Legionella: a reemerging pathogen

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Abstract

Purpose of review

The present review summarizes new knowledge about Legionella epidemiology, clinical characteristics, community-associated and hospital-based outbreaks, molecular typing and molecular epidemiology, prevention, and detection in environmental and clinical specimens.

Recent findings

The incidence of Legionnaire's disease is rising and the mortality rate remains high, particularly for immunocompromised patients. Extracorporeal membrane oxygenation may help support patients with severe respiratory failure. Fluoroquinolones and macrolides appear to be equally efficacious for treating Legionnaires’ disease. Whole genome sequencing is an important tool for determining the source for Legionella infections and for understanding routes of transmission and mechanisms by which new pathogenic clones emerge. Real-time quantitative polymerase chain reaction testing of respiratory specimens may improve our ability to diagnose Legionnaire's disease. The frequency of viable but nonculturable organisms is quite high in some water systems but their role in causing clinical disease has not been defined.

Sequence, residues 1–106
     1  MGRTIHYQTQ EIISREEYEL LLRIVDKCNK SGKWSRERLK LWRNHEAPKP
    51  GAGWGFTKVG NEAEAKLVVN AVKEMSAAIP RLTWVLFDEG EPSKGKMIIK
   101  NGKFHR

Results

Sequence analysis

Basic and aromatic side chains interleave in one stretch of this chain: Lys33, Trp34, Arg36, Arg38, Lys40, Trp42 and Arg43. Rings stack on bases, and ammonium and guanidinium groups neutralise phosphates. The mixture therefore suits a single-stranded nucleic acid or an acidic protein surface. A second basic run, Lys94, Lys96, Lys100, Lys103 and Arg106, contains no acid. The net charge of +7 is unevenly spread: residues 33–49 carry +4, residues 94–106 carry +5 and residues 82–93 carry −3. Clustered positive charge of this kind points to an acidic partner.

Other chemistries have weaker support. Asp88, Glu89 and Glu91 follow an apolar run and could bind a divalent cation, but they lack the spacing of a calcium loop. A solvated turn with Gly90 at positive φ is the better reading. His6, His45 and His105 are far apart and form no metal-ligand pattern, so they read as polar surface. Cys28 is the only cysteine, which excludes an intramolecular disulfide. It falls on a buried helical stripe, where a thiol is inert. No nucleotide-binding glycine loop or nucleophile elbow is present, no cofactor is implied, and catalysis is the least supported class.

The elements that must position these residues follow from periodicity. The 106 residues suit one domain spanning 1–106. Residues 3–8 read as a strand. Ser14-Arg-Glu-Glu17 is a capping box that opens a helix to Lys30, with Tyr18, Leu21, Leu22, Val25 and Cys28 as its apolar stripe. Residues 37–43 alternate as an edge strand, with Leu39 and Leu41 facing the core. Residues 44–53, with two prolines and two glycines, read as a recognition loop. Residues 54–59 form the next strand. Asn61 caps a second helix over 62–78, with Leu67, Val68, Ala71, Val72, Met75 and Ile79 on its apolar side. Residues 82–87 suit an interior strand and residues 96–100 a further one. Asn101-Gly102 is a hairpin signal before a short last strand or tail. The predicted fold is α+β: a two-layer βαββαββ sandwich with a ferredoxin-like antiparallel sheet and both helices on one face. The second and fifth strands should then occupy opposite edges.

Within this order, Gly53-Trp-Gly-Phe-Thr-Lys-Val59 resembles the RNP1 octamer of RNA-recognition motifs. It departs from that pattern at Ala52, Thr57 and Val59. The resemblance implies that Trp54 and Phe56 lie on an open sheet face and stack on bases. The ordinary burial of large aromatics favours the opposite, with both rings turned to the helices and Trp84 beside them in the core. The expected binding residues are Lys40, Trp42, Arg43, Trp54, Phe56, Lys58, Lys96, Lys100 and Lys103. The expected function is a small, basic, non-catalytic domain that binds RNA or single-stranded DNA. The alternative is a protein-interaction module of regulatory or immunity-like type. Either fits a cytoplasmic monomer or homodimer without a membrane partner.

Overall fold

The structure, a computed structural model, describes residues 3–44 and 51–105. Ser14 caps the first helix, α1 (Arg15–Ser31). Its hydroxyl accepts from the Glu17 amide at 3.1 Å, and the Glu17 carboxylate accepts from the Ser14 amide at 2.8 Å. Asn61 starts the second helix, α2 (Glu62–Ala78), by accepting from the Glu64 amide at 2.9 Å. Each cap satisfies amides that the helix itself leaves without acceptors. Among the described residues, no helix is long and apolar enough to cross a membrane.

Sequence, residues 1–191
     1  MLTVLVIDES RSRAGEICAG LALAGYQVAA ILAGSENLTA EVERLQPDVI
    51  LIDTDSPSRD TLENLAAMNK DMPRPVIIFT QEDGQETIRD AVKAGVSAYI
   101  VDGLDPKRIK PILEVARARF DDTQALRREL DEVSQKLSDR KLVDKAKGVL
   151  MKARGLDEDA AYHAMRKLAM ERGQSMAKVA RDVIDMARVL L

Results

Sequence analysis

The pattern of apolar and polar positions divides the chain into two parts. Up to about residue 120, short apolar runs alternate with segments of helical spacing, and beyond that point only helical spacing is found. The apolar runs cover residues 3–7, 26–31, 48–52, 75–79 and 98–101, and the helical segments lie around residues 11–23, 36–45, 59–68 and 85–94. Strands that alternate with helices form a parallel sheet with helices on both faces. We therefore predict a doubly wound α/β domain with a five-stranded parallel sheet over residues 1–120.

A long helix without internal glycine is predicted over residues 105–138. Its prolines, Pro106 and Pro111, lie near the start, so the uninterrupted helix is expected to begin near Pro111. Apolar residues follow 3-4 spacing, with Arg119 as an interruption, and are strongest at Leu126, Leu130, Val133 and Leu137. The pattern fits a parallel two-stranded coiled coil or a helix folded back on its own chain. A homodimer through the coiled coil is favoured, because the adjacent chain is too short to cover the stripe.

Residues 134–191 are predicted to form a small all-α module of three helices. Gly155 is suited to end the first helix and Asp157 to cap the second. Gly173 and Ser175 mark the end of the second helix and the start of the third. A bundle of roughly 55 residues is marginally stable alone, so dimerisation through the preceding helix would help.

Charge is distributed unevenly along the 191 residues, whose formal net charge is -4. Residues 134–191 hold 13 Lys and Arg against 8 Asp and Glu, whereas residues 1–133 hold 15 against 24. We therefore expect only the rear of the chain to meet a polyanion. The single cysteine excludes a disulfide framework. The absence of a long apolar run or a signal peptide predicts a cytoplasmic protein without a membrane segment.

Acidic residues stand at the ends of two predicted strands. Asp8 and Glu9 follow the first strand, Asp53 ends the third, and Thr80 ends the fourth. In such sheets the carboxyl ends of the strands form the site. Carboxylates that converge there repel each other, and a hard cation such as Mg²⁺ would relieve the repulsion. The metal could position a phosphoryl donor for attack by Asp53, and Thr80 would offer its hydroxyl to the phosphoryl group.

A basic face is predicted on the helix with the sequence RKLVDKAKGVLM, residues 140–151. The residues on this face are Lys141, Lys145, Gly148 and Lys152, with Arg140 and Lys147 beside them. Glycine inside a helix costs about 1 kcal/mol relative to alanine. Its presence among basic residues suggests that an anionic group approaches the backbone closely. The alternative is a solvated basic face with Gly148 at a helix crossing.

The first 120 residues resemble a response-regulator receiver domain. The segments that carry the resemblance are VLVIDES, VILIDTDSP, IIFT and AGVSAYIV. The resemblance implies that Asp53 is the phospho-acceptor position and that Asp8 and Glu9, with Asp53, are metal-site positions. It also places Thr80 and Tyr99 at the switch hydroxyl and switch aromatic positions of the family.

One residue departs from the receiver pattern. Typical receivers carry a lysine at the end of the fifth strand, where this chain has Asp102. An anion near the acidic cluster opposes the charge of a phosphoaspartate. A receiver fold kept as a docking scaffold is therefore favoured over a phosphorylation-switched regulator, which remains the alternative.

Summary

Legionellosis remains an important public health threat. To prevent these infections, staff of municipalities and large buildings must implement effective water system management programs that reduce Legionella growth and transmission and all Medicare-certified healthcare facilities must have water management policies. In addition, we need better methods for detecting Legionella in water systems and in clinical specimens to improve prevention strategies and clinical diagnosis.

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